Degredation of traditional stone and mud-brick architecture is rampant throughout Cyprus. For various reasons, whether due to the political events that caused people to move or flee their homes, or whether due to natural disasters like floods, earthqakes or disruption of water availability, we have many dozens of abandoned villages, deserted architecture, and deteriorating old buildings scattered over the island’s landscape.
Since the arrival of the first permanent settlers of Cyprus during the early phase Neolithic, people have been living in houses made of stone and mud-brick. This type of architecture requires constant maintenance. If left neglected for extended periods, exposure to the elements will cause deterioration. Add human activities, like pilfering roof tiles, wooden beams, doors, stone slabs from floors, etc., these buildings become extremely vulnerable to collapse and/or unrepairable damage.
Here are two examples of what can happen in the span of approximately three decades to traditional stone architecture left neglected and vulnerable. Both examples are found within the Xeros Potamos river valley in the Paphos District:
Example 1: A Water Mill with Three-Arched Aquaduct
One of the most overlooked categories of architecture in Cyprus is the old stone-built water mill. There are dozens of them scattered up and down river valleys throughout the island, with most dating to the 14-17th Centuries.
In a remote location deep inside the Paphos District, we have this fantastic three-arched example, referred to by Hogarth in his late 19th Century travel book “Devia Cypria” as the Rhoudias Mill. Take a look at these photos showing it’s sad decay over a few decades of neglect and lack of attention to keep it in decent shape. If we don’t hurry, in an historical blink of the eye, it will be gone. If we can’t take measures to save one little (beautiful) water mill, what hope do we have for larger issues of conservation?
Example 2: To Spiti tou Moukhtari (“The House of the Mukhtar”) at Vretsia Village
I’ve been visiting this fantastic abandoned Turkish Cypriot village of Vretsia since the early 1980s. At the centre of the settlement is this prominent house that used to belong to the “Mukhtar” (village headman or Mayor).
It’s a fantastic location, right on the edge of the Paphos Forest of the western Troodos Mts. Geologically, it sits virtually on top of the contact zone between the white chalky limestones and volcanic pillow lavas, meaning there are numerous active springs in the area as well as copper ore deposits and abundant wood resources. The views over the upper Xeros Potamos valley and into the forested mountain landscapes leading up to Mt Olympus are impressive.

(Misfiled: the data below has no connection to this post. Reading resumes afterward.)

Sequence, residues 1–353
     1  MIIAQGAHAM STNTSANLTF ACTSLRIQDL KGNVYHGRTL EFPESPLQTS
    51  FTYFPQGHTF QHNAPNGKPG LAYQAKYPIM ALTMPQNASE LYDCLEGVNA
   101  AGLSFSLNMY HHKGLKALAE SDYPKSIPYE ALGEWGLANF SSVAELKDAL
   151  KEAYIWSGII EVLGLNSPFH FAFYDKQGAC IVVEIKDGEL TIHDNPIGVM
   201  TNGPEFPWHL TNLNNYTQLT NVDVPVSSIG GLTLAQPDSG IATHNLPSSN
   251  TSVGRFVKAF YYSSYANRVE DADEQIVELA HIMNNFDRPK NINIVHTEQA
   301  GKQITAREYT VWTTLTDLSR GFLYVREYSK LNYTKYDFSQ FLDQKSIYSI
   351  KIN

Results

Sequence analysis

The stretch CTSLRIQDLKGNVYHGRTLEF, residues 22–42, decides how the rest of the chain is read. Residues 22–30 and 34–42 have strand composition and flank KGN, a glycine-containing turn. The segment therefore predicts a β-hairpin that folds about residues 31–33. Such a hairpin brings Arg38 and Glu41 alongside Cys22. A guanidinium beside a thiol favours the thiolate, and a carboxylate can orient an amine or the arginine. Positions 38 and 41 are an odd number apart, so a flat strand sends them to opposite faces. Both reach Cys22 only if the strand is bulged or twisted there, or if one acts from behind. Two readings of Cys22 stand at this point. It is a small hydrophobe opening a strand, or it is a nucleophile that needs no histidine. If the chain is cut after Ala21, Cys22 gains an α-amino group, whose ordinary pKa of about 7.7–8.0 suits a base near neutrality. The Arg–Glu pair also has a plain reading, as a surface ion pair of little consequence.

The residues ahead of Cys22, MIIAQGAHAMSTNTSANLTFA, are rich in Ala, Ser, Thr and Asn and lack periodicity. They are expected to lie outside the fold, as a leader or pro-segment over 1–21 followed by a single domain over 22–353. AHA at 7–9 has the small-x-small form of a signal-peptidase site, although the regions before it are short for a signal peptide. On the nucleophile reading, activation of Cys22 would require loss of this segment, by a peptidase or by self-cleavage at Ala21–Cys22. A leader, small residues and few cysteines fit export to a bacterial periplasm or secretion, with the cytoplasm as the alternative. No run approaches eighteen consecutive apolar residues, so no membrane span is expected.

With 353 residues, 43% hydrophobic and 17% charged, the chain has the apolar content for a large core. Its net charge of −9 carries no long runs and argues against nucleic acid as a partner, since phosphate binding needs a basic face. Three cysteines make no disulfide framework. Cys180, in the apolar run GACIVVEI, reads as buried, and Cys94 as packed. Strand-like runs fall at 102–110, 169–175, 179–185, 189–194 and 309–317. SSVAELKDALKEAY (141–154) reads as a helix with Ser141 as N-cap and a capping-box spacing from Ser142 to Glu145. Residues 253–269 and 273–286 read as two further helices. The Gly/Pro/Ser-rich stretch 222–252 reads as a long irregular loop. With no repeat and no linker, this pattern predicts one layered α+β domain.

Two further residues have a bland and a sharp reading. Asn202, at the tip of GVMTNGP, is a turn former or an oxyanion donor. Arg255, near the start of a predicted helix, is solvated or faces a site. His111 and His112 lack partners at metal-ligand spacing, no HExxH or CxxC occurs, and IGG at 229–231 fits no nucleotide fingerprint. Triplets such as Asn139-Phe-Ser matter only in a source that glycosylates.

During the 1980s and early 1990s, one could enter the Mukhtar’s house, which lay completely abandoned and empty, walk up a staircase and stand on the upper story with it’s fine wooden roof beams (“volitsia) and walk across the floors made of high quality gypsum flagstones. The large balcony was still sturdy enough to stand on safely.
However, at some point during the early 1990s, people from nearby areas started to “harvest” materials (i.e. steal, pilfer, remove illegally or “recycle”) like roof beams, stone floor slabs, roof tiles, wooden window shutters and even complete doors. This fine piece of traditional Cypriot architecture, left vulnerable to the human and climatic elements slowly deteriorated to the state illustrated in the next photo:
On the other hand, there are examples of dilapidated stone structures nearing collapse that were given proper attention and were saved from destruction.
Example 3: The “Chiftliki” (Manor House) at Kouklia
One of the only surviving bits of Lusignian architecture in the Paphos District is the “Chiftliki” or Manor House at Kouklia. For many years it used to serve as the main entrance to the Archaeological Museum, artefact storerooms and summer residence of Prof. Franz Maier, the German archaeologist who headed the Swiss archaeological expedition that excavated the Sanctuary of Aphrodite site.
Let’s compare the state of this fine stone building before and after restoration: